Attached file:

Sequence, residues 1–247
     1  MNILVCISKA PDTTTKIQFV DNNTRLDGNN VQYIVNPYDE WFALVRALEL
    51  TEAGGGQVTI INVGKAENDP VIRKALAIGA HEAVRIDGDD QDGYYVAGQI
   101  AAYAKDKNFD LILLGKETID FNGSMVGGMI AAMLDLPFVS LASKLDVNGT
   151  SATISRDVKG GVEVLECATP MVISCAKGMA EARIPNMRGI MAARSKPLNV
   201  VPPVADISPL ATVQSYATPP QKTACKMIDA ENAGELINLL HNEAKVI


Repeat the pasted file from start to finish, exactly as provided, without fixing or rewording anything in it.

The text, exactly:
Sequence, residues 1–247
     1  MNILVCISKA PDTTTKIQFV DNNTRLDGNN VQYIVNPYDE WFALVRALEL
    51  TEAGGGQVTI INVGKAENDP VIRKALAIGA HEAVRIDGDD QDGYYVAGQI
   101  AAYAKDKNFD LILLGKETID FNGSMVGGMI AAMLDLPFVS LASKLDVNGT
   151  SATISRDVKG GVEVLECATP MVISCAKGMA EARIPNMRGI MAARSKPLNV
   201  VPPVADISPL ATVQSYATPP QKTACKMIDA ENAGELINLL HNEAKVI